After popping into New York City Thursday to launch the Tablet PC, Microsoft Chairman and Chief Software Architect Bill Gates headed back to Washington state to give developers, computer scientists and students a window into the future of the C++ and C# programming languages.
Interview: PaymentOne Dials P for Profits (eMarketer, November 8th)
A marketing catchphrase making its way to the lexicon of the web is "no credit card required!" PaymentOne CEO Joe Lynam explains how consumers are charging online content and internet access fees to their phone bills.
Oracle to Draw Curtain on Project Mozart (internet.com, November 8th)
Oracle will unveil a symphony of retooled software lines at next week's OracleWorld show. Don't expect to hear it in C#.
Just What Are Those Packets Doing? Network Tools To Tell You (CrossNodes, November 8th)
Don't know why everything on your network is moving at a crawl? Long before you consider upgrading hardware, you should invest in some decent tools. Beth Cohen covers your choices.
Pearl of an Anti-Spam Program (ISP Planet, November 8th)
Savvy Perl programmers appreciate the flexible nature of ActiveState's PeerMessage application, which uses probability modeling to determine whether or not a particular e-mail message is spam.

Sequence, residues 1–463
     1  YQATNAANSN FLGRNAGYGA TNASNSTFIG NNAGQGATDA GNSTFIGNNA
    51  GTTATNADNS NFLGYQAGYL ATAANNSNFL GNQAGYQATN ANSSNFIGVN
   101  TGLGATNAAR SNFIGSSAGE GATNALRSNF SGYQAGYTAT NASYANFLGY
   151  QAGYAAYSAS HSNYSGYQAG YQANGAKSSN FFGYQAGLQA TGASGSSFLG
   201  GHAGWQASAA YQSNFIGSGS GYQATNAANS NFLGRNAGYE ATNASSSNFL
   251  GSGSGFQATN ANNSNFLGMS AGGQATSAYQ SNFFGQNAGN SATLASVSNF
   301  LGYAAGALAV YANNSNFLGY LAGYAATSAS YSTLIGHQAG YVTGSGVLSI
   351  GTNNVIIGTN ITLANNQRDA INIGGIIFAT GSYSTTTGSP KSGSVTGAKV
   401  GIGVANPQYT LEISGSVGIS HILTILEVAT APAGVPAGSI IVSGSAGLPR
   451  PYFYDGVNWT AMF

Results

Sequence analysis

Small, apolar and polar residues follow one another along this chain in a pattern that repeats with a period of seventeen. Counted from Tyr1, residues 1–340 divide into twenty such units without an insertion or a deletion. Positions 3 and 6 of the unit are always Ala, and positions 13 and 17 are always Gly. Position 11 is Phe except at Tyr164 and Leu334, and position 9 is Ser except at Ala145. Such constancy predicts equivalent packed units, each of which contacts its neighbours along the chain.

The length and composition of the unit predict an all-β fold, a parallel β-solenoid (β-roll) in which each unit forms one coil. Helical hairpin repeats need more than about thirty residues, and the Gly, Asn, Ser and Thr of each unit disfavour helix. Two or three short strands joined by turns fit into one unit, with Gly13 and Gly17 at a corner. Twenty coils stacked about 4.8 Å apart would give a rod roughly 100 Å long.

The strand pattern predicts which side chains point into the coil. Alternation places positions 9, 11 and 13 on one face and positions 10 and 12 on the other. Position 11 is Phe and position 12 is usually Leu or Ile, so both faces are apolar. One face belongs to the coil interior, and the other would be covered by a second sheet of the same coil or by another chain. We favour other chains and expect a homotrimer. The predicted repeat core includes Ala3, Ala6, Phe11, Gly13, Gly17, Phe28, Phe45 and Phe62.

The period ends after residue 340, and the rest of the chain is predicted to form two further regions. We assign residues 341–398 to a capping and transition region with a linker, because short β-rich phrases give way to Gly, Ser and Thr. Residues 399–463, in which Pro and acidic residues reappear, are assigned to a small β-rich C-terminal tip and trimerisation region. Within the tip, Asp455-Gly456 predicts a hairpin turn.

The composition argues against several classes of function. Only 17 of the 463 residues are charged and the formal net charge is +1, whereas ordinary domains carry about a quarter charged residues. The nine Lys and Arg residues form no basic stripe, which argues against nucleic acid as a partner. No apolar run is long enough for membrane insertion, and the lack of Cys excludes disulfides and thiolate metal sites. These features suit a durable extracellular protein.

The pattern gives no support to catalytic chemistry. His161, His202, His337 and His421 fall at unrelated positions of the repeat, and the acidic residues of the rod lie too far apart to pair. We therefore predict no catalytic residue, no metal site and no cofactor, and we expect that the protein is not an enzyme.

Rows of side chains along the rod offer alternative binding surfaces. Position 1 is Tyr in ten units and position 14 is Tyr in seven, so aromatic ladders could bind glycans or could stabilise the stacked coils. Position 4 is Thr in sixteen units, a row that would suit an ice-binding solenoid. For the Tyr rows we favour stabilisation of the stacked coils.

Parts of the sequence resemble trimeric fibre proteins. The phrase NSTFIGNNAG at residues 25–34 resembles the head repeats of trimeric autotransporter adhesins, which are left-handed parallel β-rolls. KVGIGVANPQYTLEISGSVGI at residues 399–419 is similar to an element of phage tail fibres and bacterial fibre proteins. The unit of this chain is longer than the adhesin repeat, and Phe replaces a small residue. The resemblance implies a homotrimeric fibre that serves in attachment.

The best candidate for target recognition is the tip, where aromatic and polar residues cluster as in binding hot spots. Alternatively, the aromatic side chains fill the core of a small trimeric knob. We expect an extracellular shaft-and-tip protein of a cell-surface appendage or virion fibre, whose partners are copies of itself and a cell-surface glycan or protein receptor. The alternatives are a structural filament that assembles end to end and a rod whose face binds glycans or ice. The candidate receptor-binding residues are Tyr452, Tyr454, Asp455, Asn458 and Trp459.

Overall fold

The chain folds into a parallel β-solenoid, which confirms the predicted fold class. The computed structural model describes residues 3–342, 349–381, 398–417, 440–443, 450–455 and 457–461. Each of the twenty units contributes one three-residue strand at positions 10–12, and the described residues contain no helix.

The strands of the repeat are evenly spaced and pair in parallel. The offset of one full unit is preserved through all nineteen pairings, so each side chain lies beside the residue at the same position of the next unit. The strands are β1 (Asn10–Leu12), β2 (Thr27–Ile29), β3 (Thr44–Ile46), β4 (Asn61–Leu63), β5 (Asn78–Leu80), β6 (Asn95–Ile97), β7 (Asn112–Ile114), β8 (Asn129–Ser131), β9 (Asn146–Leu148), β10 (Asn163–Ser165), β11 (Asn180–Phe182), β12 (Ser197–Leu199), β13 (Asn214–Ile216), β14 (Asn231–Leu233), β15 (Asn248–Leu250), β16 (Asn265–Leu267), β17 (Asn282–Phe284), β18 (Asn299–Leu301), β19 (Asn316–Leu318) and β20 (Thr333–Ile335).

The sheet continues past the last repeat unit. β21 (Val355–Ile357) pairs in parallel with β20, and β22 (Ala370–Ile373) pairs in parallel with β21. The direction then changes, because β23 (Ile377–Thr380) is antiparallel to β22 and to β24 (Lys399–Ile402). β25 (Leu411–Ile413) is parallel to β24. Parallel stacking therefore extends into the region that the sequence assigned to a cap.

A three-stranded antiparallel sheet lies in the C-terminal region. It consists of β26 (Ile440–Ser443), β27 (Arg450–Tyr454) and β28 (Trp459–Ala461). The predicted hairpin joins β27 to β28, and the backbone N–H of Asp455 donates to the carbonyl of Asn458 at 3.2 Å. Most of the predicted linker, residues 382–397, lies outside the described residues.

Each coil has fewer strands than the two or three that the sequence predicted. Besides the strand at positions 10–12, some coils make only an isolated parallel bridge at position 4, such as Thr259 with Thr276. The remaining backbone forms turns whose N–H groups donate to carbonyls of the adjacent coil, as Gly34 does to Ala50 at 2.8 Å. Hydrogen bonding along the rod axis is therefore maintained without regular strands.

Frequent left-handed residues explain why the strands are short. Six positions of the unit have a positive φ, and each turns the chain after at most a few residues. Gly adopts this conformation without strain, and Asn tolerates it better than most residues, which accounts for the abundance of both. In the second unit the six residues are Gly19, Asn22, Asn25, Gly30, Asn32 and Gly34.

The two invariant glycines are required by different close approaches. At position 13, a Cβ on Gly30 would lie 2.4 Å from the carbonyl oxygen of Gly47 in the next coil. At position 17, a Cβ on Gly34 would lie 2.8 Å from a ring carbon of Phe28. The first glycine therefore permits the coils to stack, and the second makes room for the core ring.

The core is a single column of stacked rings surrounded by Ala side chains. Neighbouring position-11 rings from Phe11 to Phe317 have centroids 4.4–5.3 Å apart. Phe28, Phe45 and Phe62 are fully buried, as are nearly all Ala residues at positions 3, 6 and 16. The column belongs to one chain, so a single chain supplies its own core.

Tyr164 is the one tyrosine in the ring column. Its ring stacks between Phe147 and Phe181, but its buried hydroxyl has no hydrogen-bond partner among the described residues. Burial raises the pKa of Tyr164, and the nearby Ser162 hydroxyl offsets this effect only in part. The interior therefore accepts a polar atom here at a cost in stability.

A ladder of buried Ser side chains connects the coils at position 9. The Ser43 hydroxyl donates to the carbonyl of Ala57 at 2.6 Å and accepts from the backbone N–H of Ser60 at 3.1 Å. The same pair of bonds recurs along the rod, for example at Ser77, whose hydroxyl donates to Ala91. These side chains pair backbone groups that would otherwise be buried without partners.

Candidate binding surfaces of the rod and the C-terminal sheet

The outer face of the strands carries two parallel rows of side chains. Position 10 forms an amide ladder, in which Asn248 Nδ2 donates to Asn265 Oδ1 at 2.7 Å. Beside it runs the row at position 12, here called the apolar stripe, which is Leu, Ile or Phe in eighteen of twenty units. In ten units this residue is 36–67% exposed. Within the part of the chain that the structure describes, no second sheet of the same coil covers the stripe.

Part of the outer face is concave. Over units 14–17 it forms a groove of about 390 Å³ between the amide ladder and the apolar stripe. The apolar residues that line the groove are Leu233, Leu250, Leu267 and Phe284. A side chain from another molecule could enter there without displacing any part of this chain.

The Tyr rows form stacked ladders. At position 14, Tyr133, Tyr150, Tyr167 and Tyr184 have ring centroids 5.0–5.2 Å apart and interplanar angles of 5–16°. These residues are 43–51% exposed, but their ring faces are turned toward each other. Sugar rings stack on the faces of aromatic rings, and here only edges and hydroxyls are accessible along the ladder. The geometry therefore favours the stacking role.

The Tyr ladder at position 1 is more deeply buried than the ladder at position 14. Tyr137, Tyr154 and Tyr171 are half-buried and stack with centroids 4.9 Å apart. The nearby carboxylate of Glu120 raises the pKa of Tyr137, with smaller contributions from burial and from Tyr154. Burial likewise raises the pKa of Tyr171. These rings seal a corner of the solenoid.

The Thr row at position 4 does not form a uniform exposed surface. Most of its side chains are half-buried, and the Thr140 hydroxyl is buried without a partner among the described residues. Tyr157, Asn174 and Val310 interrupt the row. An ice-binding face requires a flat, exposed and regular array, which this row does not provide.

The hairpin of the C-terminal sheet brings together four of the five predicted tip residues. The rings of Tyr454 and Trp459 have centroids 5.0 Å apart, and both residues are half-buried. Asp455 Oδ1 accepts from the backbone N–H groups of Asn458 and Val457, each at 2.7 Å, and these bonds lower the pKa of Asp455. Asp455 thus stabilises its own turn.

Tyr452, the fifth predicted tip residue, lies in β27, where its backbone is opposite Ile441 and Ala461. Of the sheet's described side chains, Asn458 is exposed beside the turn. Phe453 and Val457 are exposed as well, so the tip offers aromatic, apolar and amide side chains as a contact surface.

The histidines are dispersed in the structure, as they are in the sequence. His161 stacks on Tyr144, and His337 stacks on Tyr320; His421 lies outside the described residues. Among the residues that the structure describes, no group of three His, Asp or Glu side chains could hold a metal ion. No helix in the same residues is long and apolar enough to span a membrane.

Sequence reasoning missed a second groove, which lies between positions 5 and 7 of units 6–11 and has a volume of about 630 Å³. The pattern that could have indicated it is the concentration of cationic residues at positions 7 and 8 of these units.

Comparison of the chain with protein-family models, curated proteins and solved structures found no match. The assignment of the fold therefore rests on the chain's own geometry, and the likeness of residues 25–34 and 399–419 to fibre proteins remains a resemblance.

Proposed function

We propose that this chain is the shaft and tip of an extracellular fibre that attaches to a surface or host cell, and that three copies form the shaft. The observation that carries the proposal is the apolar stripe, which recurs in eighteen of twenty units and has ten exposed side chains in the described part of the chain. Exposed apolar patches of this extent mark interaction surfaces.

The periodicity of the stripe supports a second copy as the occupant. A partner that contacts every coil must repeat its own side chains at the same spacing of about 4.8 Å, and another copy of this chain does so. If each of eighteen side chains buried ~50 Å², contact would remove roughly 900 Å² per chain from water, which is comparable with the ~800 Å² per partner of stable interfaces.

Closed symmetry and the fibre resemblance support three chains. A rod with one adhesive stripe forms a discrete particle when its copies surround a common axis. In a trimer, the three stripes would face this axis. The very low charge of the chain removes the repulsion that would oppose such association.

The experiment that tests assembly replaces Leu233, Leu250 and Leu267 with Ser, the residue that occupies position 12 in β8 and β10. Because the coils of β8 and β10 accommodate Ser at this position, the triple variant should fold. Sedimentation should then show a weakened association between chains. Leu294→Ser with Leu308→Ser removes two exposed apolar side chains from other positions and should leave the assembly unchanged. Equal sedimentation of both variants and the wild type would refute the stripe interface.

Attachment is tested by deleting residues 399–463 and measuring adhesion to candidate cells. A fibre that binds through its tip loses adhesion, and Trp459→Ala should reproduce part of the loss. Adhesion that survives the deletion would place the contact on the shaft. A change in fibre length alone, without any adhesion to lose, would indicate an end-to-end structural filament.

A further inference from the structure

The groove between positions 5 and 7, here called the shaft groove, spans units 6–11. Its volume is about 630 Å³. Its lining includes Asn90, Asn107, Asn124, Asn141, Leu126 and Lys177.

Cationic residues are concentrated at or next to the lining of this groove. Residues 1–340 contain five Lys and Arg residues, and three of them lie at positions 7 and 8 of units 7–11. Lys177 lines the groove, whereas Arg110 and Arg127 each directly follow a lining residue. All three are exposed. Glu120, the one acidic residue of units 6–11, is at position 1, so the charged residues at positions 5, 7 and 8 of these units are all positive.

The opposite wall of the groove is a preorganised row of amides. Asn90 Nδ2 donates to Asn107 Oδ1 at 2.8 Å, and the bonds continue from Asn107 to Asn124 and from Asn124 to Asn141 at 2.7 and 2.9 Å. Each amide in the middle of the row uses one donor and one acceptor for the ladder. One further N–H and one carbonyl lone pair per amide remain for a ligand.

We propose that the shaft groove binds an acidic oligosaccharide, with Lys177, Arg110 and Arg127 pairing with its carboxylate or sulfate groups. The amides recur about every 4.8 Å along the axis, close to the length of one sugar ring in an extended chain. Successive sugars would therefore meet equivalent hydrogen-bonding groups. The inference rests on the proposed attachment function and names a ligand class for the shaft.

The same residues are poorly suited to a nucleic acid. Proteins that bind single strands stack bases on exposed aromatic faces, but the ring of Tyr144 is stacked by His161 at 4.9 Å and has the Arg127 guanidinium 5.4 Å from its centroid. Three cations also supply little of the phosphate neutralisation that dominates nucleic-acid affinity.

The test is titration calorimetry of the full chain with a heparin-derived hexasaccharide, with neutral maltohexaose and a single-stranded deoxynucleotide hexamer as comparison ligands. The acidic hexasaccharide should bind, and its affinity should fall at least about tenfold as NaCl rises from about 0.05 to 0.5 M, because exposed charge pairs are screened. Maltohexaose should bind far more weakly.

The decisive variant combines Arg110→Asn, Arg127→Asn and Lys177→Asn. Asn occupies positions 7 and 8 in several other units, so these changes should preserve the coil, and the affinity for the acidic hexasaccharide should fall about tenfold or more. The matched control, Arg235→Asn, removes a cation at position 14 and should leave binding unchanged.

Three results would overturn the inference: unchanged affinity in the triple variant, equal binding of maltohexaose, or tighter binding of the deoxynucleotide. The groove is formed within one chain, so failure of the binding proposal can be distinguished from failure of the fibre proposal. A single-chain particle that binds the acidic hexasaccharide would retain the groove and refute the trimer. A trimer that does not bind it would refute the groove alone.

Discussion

Online Holiday Shopping Starting in October (eMarketer, November 7th)
According to BizRate, online holiday shopping in the US has started early this year, with consumers spending $4.3 billion online in October.
The Internet's Evolution Continues (eMarketer, November 7th)
How did eMeta post revenue growth of 1,100% from 1999 to 2001? Look to IDC's research for an answer: organizations account for over 90% of online content spending.
Is Meta-Content the Solution to Your FTP Woes? (ServerWatch, November 7th)
Enterprises frustrated with the speed and reliability of FTP may wish to consider Transporter Fountain v2.0, a server appliance with a transport protocol not sensitive to packet loss or latency.
Experts Make Defensive Change to Key Internet Computers (USA Today, November 7th)
Experts have made an important change to the 13 computer servers that manage global Internet traffic, separating two of them to help better defend against the type of attack that occurred last month.
Hack Attacks on Rise in Asia (BBC News, November 7th)